say than a bank product, although some would find a bank product more complex. You can't just rely
on disclosure. It's also how you regulate the providers, the financial institutions, like mortgage
brokers. I mean what we are looking at is mortgage brokers, trustee companies, and margin lending
which has been very controversial in the current stock market, and its decline. We are going to
transfer regulation from the six states and two territory governments to the Commonwealth so you
have one national set of rules. That actually makes it easier for consumers but also for business.

GERALDINE DOOGUE:

But are you suggesting, just going back to super, that you are thinking of changing some key
regulations around super?

NICK SHERRY:

Oh yes, certainly.

GERALDINE DOOGUE:

I don't mean just about disclosure, I mean in terms of providers.

NICK SHERRY:

Well yes, there are a range of governance issues in superannuation that go beyond simple disclosure
issues. In superannuation for example the trustee is the critical guardian or decision maker. So
I'm having a hard look at all areas of superannuation to see how we can improve what I call
governance - that's trustee behaviour, issues around fees. They go well beyond simple disclosure.
We are having a look at the trustee governance in self managed superannuation funds, the so called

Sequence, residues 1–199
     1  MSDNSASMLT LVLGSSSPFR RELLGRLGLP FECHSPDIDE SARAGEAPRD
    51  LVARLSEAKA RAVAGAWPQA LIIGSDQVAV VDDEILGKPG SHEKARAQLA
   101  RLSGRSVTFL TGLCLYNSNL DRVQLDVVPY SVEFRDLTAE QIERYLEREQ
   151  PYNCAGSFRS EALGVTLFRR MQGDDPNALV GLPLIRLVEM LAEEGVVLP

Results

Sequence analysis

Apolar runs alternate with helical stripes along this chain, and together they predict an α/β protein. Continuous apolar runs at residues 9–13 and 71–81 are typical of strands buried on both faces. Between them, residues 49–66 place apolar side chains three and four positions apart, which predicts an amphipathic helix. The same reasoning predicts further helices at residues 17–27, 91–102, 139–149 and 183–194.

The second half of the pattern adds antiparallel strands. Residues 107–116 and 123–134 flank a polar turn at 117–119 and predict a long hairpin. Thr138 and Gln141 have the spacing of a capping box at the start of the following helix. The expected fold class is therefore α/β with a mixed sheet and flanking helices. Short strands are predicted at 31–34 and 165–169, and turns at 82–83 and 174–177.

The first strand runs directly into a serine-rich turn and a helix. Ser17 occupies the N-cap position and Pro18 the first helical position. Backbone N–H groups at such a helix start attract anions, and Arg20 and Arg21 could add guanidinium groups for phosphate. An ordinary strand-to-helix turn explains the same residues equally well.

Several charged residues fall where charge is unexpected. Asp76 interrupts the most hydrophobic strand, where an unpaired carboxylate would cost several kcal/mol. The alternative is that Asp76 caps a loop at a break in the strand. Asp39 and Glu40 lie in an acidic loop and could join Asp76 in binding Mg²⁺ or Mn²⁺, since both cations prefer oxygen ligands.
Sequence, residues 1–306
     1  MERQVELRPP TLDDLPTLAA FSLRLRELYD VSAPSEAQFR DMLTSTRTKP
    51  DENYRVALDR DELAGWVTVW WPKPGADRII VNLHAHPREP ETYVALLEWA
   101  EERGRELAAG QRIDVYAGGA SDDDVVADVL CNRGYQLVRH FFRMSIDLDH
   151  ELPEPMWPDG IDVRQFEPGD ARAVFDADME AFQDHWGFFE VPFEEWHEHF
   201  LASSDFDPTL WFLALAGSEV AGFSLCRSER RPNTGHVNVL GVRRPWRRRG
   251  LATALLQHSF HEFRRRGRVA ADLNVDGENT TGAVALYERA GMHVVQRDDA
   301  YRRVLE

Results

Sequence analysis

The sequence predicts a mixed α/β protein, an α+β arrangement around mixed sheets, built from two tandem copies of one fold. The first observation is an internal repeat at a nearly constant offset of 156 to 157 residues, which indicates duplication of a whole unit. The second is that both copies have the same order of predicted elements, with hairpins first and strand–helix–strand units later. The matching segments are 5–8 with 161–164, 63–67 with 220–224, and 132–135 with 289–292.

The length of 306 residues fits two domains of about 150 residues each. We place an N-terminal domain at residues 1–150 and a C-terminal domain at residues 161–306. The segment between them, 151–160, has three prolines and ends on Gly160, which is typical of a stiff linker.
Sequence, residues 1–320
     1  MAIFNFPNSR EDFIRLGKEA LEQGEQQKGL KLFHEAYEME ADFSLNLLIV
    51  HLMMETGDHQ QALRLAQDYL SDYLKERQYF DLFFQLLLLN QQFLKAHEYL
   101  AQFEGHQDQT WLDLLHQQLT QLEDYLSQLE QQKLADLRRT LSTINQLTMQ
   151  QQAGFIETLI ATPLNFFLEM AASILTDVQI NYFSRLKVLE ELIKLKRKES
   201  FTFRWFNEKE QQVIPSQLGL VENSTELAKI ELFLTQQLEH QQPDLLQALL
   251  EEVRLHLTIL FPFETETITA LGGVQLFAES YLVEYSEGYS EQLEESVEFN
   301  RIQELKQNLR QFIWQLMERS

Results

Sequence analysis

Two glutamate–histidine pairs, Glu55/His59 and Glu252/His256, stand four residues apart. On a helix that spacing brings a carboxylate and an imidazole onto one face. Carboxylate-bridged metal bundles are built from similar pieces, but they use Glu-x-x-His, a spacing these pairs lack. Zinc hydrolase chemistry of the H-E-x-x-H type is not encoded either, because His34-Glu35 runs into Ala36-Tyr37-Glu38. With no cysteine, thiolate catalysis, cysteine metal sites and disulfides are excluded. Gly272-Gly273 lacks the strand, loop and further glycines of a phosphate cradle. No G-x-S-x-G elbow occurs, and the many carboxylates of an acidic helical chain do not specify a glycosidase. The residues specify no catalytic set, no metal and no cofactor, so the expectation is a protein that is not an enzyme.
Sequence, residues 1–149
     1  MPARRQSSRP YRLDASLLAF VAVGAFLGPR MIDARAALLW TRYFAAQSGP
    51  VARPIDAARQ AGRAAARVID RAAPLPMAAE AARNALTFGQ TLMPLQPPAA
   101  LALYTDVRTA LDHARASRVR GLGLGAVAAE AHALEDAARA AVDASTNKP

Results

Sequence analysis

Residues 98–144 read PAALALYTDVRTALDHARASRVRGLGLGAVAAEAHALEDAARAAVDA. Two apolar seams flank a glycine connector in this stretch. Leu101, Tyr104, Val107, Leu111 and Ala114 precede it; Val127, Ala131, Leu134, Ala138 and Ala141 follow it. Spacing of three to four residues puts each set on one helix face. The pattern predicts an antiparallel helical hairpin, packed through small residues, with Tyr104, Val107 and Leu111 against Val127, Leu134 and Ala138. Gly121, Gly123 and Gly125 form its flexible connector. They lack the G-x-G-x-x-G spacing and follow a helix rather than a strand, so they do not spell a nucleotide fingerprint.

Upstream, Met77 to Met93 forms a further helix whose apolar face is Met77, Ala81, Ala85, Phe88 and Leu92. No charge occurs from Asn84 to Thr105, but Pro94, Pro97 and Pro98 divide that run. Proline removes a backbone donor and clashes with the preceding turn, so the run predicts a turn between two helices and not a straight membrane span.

Do It Yourself (DIY) funds. There seems to be a significant minority of trustees who don't
understand their obligations in current law in terms of investment issues.

GERALDINE DOOGUE:

Right, so we could look for some alterations there. I wonder whether you believe what John Howard
believed that Australia ought to become a shareholder society? In effect, for a lot of people that
was via their super, they actually become aware of the marketplace, those who bothered to look.
They actually become aware of it. Do you think that's been a good thing? I mean do you want to see
that continue or do you think that has not treated people fairly?

NICK SHERRY:

Well I think it has been a very good thing. It's enabled a greater sharing of economic wealth. I
mean shares are owned directly, through direct investment or indirectly through your
superannuation. I mean it was a Labor Government 20 years ago almost to the day that made
superannuation compulsory for every one and with compulsion comes a strong duty of care. But the
general concept of share ownership in society is a good thing, whether it's individual retail or
through your superannuation.

GERALDINE DOOGUE:

And just very quickly, what won't you touch in all of this?

NICK SHERRY:

I think it is better to say what we are doing. Simpler disclosure, removing complexity around
disclosure, having a look at the governance in superannuation, the trustees.

GERALDINE DOOGUE:

When is this all going to happen?

NICK SHERRY:

I'm hopeful by the end of this year. We've also got some urgent issues to deal with around share
market regulation because of the fall out we've seen as a consequence of the US sub prime.

GERALDINE DOOGUE:

Well thank you very much for joining us.

NICK SHERRY:

Thanks Geraldine.

GERALDINE DOOGUE:

Senator Nick Sherry, Minister for Superannuation and Corporate Law and he's issued a green paper on
some of those issues which you might like to seek out on his website.